Wednesday, July 16, 2014

Corinthian's demise and the future of for-profit higher education...

Seal of the United States Department of Education
Seal of the United States Department of Education (Photo credit: Wikipedia)
NPR reported this morning that the sale of some 85 Corinthian "campuses" is about to begin.  The Department of Education pulled the plug on student loans when it became suspicious of the giant for-profit "educator's" finances.  The company was soon broke.  How could that be?

As I've noted in this space several times before, the business model of many of the for-profits is simple:

1.  Advertise hard and attract unsuspecting customers.

2.  Admit them, regardless of qualifications, and induce them to take out student loans.  These are your and my tax dollars from Uncle Sam.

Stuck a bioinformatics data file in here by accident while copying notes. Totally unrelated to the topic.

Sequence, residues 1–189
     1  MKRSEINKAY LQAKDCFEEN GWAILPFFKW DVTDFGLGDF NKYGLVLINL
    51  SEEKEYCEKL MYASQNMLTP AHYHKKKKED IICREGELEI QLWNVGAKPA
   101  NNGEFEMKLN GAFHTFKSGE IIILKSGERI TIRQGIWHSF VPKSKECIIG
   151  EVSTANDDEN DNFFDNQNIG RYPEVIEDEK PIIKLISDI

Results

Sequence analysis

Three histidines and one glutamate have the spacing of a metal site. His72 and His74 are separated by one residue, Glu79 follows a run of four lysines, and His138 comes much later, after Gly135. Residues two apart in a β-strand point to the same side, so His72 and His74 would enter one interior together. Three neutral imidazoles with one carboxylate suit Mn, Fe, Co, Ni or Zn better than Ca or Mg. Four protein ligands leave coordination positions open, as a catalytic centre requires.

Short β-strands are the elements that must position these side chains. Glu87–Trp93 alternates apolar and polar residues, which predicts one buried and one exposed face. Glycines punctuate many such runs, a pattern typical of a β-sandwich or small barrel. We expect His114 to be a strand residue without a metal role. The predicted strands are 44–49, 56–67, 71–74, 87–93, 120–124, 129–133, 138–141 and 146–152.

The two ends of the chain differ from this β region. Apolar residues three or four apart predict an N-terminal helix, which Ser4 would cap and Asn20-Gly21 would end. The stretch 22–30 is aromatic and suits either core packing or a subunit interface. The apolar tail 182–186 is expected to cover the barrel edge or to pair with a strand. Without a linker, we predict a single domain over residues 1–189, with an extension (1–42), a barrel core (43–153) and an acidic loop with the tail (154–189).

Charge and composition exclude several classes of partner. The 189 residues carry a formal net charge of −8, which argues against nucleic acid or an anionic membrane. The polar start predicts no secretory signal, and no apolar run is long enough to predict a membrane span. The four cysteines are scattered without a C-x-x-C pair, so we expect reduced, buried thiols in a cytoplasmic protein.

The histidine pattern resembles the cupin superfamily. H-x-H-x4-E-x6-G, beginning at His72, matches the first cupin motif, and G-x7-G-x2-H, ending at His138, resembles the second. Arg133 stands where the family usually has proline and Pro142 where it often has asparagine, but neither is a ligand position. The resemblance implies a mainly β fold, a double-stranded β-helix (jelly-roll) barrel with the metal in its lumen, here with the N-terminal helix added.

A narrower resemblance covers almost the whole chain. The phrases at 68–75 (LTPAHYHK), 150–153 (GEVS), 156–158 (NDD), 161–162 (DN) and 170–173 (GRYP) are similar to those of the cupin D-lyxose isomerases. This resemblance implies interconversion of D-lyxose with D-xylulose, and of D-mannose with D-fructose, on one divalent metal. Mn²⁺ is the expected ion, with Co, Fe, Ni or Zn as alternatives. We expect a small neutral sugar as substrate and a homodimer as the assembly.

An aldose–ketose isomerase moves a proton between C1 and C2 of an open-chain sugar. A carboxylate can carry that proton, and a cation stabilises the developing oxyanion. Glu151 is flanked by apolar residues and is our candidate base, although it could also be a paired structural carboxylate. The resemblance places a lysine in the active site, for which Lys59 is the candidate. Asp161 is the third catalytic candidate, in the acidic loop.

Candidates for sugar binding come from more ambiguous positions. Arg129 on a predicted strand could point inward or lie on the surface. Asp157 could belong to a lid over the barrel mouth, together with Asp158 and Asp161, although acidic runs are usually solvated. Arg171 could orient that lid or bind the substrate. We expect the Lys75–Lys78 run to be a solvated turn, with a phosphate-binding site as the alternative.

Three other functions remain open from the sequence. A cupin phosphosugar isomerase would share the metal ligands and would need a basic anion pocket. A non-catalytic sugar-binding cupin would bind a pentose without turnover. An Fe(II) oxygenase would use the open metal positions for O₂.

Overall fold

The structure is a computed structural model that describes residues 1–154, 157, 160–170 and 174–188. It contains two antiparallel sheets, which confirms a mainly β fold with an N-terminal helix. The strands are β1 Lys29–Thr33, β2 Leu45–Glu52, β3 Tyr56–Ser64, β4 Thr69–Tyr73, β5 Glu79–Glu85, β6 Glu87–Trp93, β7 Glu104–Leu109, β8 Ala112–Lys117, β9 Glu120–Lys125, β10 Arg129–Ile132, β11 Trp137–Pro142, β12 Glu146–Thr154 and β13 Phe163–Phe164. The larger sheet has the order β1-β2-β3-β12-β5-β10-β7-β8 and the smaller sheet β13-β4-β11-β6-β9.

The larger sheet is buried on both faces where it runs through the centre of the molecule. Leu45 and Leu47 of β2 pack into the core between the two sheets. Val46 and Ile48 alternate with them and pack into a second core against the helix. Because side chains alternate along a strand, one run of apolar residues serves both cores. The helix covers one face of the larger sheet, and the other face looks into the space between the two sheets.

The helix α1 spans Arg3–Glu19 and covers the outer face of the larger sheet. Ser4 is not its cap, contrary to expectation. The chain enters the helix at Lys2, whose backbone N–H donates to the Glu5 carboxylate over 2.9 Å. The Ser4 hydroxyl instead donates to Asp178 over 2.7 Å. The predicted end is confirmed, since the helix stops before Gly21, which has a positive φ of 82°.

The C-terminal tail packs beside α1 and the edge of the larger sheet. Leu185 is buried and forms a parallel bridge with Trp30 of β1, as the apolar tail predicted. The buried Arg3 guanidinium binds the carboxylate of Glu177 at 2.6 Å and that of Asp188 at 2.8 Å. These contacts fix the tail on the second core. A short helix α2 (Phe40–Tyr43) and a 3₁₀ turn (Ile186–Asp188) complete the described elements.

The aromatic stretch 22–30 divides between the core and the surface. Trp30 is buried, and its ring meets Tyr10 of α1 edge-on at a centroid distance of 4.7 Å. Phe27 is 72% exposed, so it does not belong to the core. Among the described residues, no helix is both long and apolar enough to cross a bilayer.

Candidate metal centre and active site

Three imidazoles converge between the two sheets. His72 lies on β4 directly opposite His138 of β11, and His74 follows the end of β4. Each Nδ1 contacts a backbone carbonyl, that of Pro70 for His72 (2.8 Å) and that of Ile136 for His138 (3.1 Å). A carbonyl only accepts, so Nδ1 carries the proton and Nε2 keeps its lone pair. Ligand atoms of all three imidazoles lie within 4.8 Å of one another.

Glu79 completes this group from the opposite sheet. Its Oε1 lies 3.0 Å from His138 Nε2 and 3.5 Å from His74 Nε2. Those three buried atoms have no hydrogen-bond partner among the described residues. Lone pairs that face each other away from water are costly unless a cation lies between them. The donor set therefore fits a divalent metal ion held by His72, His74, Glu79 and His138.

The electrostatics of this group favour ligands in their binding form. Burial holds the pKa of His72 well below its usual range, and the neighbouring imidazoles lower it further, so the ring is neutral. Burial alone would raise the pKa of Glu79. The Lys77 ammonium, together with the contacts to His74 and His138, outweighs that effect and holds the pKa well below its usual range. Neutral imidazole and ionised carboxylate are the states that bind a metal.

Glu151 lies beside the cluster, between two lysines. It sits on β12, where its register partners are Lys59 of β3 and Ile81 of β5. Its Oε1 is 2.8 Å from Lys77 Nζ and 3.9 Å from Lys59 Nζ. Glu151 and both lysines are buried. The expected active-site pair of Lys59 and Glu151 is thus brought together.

3.  Sell the student some high priced courses.  Whether s/he completes or drops out, you --- the company --- have pocketed the loan money and called it profits.

4.  The student drops out or completes and either way fails to find a good job. S/he defaults on the loans.

5.  The execs and owners of the for-profit company have pocketed the tuition dollars… our tax dollars, awarding themselves handsomely.

Why, when this nation has thousands of public universities, private non-profit colleges and universities, and community colleges, have our governments ---federal and state --- even allowed for-profit providers to compete?  My argument is, as ever, that profits and education simply do not mix.

What other sins is Corinthian guilty of?  One physician assistant wannabe in Boston was interviewed by NPR and reported that the "school" she was attending didn't have the proper equipment and what it did have didn't work.  She predicts her degree, if she gets one, will be worthless.

Now, the billion buck question: how many more Corinthians are out there?

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